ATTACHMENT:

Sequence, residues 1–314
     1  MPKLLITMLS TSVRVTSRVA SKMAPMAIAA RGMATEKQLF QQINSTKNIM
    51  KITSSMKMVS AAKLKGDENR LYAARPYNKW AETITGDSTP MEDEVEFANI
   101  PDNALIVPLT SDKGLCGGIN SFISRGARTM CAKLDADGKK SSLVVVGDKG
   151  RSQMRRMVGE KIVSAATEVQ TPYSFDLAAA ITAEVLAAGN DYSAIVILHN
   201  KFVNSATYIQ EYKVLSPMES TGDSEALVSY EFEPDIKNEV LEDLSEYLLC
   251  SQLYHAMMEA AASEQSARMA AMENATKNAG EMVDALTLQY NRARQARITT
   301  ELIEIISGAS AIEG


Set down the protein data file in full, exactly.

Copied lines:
Sequence, residues 1–314
     1  MPKLLITMLS TSVRVTSRVA SKMAPMAIAA RGMATEKQLF QQINSTKNIM
    51  KITSSMKMVS AAKLKGDENR LYAARPYNKW AETITGDSTP MEDEVEFANI
   101  PDNALIVPLT SDKGLCGGIN SFISRGARTM CAKLDADGKK SSLVVVGDKG
   151  RSQMRRMVGE KIVSAATEVQ TPYSFDLAAA ITAEVLAAGN DYSAIVILHN
   201  KFVNSATYIQ EYKVLSPMES TGDSEALVSY EFEPDIKNEV LEDLSEYLLC
   251  SQLYHAMMEA AASEQSARMA AMENATKNAG EMVDALTLQY NRARQARITT
   301  ELIEIISGAS AIEG